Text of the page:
Mass shootings in the United States, sad to say, seem to be like air crashes, freeway fatalities, fires, and floods — we see the horror and we think: goodness, that could have been me or one or more of my family. But it wasn’t. And life goes on — well, except for the victims.
I have to think at this moment that will be the case for the recent triple, close-together occurrence of mass shootings in Gilroy, Ca.; El Paso, Tx. and Dayton, Ohio. Maybe I am wrong and it will result in some serious movement toward gun control or an outright ban on military-style assault weapons which most people, including hunters, believe that there is no need for among the populace. But when nothing was done after the Sandy Hook mass killing — of little children in school — I cannot see why anything would change now.
And then there is this:
I read a story that said a Walmart clerk in El Paso, after the mass shooting there, pondered getting herself a gun for protection. And really, if we are to cling to the notion that citizens have the right to own and carry guns and that such a right is as sacrosanct as anything in the Holy Bible then the only true defense we have is to shoot back to protect ourselves.
But the problem with that is manyfold. Even the best soldier cannot be on guard all the time — and what kind of weapon would one choose? Are you going to sling an AR-15 rifle over your shoulder or better yet, carry it in the ready to aim and fire position 24-7? Or are you going to pack a more practical handgun of some type? And if you do will you be able to get to it before the bad guy? Or will you mistakenly feel that you are facing a deadly threat and end up killing an unarmed person who meant no harm after all, or may have not been capable of doing you harm? Well, that is what some cops do (and I have some empathy for them. I mean they would rather live to see another day than die while trying to instantly judge whether their life is in imminent danger — best to cooperate with cops; they get nervous).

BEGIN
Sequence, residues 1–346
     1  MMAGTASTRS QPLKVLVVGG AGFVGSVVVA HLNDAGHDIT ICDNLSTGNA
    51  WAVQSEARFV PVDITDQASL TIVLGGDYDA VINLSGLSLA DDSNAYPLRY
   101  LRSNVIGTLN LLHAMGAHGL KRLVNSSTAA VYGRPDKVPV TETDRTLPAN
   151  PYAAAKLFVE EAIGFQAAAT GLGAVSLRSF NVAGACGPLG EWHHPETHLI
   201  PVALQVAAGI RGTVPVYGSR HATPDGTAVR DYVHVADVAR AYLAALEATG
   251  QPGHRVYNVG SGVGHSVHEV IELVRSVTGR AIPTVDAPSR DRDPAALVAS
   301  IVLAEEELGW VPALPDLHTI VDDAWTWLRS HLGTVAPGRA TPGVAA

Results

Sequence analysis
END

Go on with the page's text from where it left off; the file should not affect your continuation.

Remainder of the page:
And seriously, having guns around the house and elsewhere is dangerous. So often little kids get ahold of them with fatal results. Also, an intruder is likely to use your own gun against you. Not saying guns for self protection is not a good idea, but they bring with them a heavy burden of responsibility.
There is some indication that the once mighty NRA lobby is weakening due to internal squables. Also, perhaps, some of its members, hunters and other gun enthusiasts, may be realizing that it is a lobby just as much or more in the interests of gun manufacturers and the gun trade in general as the rights of individual citizens. One of my late uncles was a hunter and World War II veteran but he had no use for the NRA.
From what I read, polling indicates that a wide majority of Americans favor gun control and see no need for private citizens to be militarily armed — that is with weapons whose only purpose is mass killing of humans. But for some reason most legislators are reluctant to pass gun control or weapons ban legislation. That NRA lobby money and support or threat of unseating an incumbent (with money-fueled bad publicity) is a power that even the citizenry can’t seem to conquer.
And let’s talk about the Second Amendment. You can read it. It is only one sentence. And Supreme Court interpretations aside, it is, to say the least, ambiguous because it somehow ties gun rights to military use (further complicating interpretation is that there are I think at least two versions of that sentence with differing punctuation). It uses the word “militia”. But certainly the framers were not talking about those would-be vigilantes these days who go out into the woods wearing camouflage. And as I have written before, I am no more afraid of terrorists than I am of vigilantes. Both pose a threat to my own life and liberty. I prefer a recognized form of authority over which I have some bit of control by the ability to share my vote with other like-minded citizens — we call it democracy, not rule of the jungle.
There was the thought back in the time of our framers that the citizenry had the right to protect themselves rather than depend upon a standing army controled by a central government — kind of like the armies of the Kings of old. In fact, the framers I believe abhorred the thought of a standing army. Apparently, though, we got over that.